While many de-cry ‘gentrification’ and its supposed ills, the conversions of 17 East 12th Street and 12 East 13th Street will be beneficial to The Village; even though the buildings will have few units, they used to be parking garages, which contributed nothing to the neighborhood and were aesthetically unappealing.

Completion of 17 East 12th Street is expected in the fall of 2015.

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Posted in 17 East 12th Street | Architecture | Bromley Caldari | Construction Update | Greenwich Village | New York | Residential

Construction Update: 12 East 13th Street

12 East 13th Street

Construction is making quick headway at 12 East 13th Street, which will soon become a 12-story building with only ten condominiums. The project’s architect is CetraRuddy, while the developers are DHA Capital and Continental Properties. DHA and CetraRuddy are also working together on 546 West 44th Street.

12 East 13th Street will fall squarely within the super-luxury category, as units will average over 4,000 square feet. The entirety of the project will have approximately 46,000 square feet of space; building permits indicate that 3,411 square feet on the first level will be dedicated to commercial uses.

12 East 13th Street

12 East 13th Street

The development is a conversion, though the scope of the renovation is significant, and it appears most of the original structure has been removed. Still, renderings depict a building that will blend into its pre-war surroundings, and it will be re-clad in red-orange Roman brick. Residences will be ‘loft-like’ — given their average size, more like mini-manses — and most of the units will be full-floor.

12 East 13th Street

12 East 13th Street

The most significant aspect of the old building’s transformation is the addition of the rooftop floors, which will extend the former 8-story garage to its new pinnacle; the top three levels will be dedicated to the triplex penthouse, which will span 5,700 square feet. That unit will naturally be the project’s most impressive, set within the “crown of curved luminous glass,” that “rises from behind the cubic form of the original structure.”

Completion of 12 East 13th Street is expected in March of 2015.

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Posted in 12 East 13th Street | Architecture | CetraRuddy | Construction Update | DHA Capital | Downtown | Greenwich Village | New York | Residential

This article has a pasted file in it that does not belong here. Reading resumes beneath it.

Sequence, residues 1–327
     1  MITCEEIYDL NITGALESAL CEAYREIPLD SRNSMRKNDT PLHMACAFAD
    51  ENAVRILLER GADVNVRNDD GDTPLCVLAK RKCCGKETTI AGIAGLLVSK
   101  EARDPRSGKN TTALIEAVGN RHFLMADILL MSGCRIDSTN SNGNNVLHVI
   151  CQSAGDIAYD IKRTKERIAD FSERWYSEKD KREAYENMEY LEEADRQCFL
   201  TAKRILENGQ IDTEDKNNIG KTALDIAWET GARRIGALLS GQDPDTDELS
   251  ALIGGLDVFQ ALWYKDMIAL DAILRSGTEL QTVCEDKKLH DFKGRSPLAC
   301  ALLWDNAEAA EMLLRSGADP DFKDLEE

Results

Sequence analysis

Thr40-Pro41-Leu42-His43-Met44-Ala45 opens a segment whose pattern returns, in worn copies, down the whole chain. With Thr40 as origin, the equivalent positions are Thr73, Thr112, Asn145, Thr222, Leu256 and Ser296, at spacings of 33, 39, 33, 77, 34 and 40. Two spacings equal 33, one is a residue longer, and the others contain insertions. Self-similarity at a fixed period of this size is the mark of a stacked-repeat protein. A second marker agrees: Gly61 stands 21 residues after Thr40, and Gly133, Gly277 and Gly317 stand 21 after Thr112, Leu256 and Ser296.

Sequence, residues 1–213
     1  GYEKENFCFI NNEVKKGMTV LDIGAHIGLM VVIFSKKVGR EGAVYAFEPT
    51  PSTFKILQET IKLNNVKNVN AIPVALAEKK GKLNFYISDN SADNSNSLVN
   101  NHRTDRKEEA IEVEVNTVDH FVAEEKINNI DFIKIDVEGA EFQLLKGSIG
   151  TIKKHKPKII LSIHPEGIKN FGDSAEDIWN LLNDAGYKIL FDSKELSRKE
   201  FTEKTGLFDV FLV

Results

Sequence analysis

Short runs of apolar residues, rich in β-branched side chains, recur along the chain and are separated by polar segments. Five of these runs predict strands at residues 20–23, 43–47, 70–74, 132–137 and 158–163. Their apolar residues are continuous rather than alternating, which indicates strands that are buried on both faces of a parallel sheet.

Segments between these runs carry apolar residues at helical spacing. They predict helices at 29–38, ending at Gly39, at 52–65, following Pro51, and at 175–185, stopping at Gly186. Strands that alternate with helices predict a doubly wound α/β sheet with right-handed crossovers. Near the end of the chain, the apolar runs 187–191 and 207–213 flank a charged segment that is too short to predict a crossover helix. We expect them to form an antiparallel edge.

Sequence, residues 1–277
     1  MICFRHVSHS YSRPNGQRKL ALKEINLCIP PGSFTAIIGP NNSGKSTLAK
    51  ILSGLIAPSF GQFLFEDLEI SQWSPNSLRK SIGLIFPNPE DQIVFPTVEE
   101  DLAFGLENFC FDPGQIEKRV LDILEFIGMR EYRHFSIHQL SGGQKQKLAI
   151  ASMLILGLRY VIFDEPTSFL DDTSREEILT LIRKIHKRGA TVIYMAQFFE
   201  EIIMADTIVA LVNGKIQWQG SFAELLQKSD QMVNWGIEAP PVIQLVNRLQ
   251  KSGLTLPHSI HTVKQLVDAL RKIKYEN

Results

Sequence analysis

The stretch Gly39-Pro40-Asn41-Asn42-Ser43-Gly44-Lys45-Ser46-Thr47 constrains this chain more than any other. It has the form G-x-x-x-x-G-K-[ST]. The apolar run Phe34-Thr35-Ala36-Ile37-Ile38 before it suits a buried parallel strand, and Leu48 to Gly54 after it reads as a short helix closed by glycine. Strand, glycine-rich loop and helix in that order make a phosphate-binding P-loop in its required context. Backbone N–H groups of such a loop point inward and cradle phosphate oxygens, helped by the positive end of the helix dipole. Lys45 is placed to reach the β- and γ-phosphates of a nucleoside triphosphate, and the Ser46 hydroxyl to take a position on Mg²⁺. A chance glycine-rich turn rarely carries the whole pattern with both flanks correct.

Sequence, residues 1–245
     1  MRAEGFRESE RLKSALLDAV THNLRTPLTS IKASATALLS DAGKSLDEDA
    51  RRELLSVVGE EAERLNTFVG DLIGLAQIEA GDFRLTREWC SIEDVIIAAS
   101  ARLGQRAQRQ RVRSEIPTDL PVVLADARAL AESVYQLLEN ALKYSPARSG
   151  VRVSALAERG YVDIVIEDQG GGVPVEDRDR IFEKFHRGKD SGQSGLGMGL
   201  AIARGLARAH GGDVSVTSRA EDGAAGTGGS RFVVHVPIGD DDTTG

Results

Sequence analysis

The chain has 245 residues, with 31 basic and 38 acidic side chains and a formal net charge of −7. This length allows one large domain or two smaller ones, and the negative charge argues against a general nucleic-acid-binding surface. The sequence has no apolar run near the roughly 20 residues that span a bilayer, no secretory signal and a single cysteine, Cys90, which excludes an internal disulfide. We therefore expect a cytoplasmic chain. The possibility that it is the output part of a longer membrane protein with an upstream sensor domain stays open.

Inside Look: 214 Lafayette Street

214 Lafayette Street

While YIMBY typically does not cover interior renovations, the story of 214 Lafayette Street is particularly unique — and touring the renovated sub-station was a sight to behold. The structure was originally built in the 1890s; it eventually fell into disuse, was first renovated in the 1980s, and only transitioned into its current form in 2008.

214 Lafayette Street

214 Lafayette Street

214 Lafayette’s exterior is relatively normal, blending with its pre-war surroundings, but the inside is a significant departure from typical Manhattan abodes. The building was originally converted by an artist in 1981, before once again falling into disrepair; the current owners purchased the site in 1996, and the renovation process took twelve years to complete.

214 Lafayette Street

The great room, complete with drop-down movie screen

Inside the manse, there are a variety of unusual features, including a dungeon-like basement and an indoor poolThe current owner is the director of several notable horror movies — including the Texas Chainsaw Massacre re-make — and memorabilia is displayed prominently throughout the residence, in addition to work by a variety of prominent artists; even the front doors of the home are regularly covered by commissioned graffiti.

214 Lafayette Street

214 Lafayette Street’s old front doors, now wall-mounted with Banksy’s art

The indoor pool is definitely the residence’s most unique feature, and it was apparently built without the knowledge of city planning; walking into the home, one immediately sees a window that looks into the actual pool.

214 Lafayette Street

The entry way window into the pool

214 Lafayette Street

Another porthole into the indoor pool

214 Lafayette Street

The indoor pool

The renovation of 214 Lafayette Street shows the potential of dilapidated structures, and why conversion can sometimes be a better option than demolition; even though the sub-station was never intended as a residence, its transformation has resulted in a very unique property — and while the building obviously isn’t suited to most tastes, it certainly has character.

214 Lafayette Street

The top-floor living room and terrace

214 Lafayette measures 13,000 square feet in total, and was originally listed for $100,000/month; the price has since dropped to $80,000/month, or $20,000 per night, if used as an event space.

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Posted in 214 Lafayette Street | Architecture | Downtown | New York | Residential | Soho

Interview: BKSK’s George Schieferdecker on One Vandam

One Vandam -- Penthouse, image from March

Construction is in full swing at One Vandam, which was designed by BKSK Architects; YIMBY sat down with the firm’s George Schieferdecker to discuss the project’s specifications, context, and overall design concept.

YIMBY in bold.